One Last Time
One last summer to smell the green,
Water the roses, sit out on the deck drinking coffee.
One last sweeping of lady bug carcasses
And snaking the toilet with its quirky septic.
No more raking leaves, winterizing,
Or emptying the water tank before a freeze.
No more no more.
We are told to hold things lightly
In order to let them go.
We held on too tight
And now it’s time to say good bye.
Good bye kissing tree,
Good bye bass pond,
Good bye blue heron and rope swing.
Good bye good bye memories.
One last time I want to soak it all in.
The bird calls, the low hum of insects,
The open sky and mosaic of sunlight beneath the trees.
A day can’t be 24 hours—why not forever?
Forever golden morning, forever long afternoon.
Forever lavender lingering twilight, forever moonlight.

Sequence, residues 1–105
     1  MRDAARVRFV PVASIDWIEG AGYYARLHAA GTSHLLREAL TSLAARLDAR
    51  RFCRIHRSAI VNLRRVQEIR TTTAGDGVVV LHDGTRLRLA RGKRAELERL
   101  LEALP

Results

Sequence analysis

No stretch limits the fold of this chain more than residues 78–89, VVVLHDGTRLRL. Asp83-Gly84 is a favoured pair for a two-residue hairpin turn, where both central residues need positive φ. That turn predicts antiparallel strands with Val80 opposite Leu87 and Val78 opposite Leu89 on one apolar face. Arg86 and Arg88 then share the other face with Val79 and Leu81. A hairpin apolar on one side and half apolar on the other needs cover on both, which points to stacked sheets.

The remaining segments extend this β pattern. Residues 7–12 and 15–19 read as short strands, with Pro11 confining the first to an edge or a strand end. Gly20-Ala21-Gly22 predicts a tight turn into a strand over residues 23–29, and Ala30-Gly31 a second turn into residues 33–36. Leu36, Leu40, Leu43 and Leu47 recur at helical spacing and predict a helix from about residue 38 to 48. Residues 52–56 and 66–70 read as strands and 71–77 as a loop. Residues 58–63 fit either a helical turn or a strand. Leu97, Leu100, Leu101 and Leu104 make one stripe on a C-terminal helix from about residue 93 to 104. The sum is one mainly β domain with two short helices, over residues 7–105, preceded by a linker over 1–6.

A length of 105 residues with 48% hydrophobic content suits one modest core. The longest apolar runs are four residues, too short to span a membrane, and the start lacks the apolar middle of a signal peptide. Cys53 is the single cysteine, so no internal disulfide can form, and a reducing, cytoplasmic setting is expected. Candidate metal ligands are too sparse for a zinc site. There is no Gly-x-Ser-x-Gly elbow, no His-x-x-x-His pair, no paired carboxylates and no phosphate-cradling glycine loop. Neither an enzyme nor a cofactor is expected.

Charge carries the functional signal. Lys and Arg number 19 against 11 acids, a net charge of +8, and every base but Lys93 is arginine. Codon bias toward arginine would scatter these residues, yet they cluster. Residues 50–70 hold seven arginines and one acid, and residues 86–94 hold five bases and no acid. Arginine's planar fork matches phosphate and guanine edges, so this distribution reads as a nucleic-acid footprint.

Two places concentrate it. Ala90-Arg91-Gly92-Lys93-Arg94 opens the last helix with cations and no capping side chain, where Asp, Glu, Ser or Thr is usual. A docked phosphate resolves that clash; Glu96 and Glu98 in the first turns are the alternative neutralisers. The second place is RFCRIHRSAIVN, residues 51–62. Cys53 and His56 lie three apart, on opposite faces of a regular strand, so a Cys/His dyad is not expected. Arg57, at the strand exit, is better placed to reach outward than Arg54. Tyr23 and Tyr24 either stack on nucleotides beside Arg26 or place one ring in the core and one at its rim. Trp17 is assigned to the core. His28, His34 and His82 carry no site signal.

Forever the magic of the hour which isn’t an hour,
But only lasts a moment.
Last walk to the lake to see the wind ripple the surface.
We jump in one last time
And discover the cold spot where the spring feeds in,
Touch the silty depths with our toes.
Good bye ancient catfish trolling the bottom
Goodbye silly blue gills and the ones that got away
Good bye snapping turtle, good bye snakes sunning in the mud.
I will miss the shifting clouds, the darting jays,
The butterflies skimming the puddles.
The rise and fall of bumblebees above the breezy wildflowers.
The dust at dusk floating like a Japanese screen
Before drowned by the heavy dew.
I will miss seeing you, seeing everything
One last time.
The sun now level with the tops of the trees
One last blazing sunset at the intersection of
Jesus Village and Skateboard Park
I hear the haunting melody, one last concert
Of the ghost bands and circle dancers.
And as the sun slips below the horizon
The Technicolor buses of yesteryears dim.
The Flying Fish Camp has moved on.
One last train whistle serenades
while the embers of one last campfire smolder
Beneath the last of the stars.
We always knew there would be one last time,
We just didn’t know it would be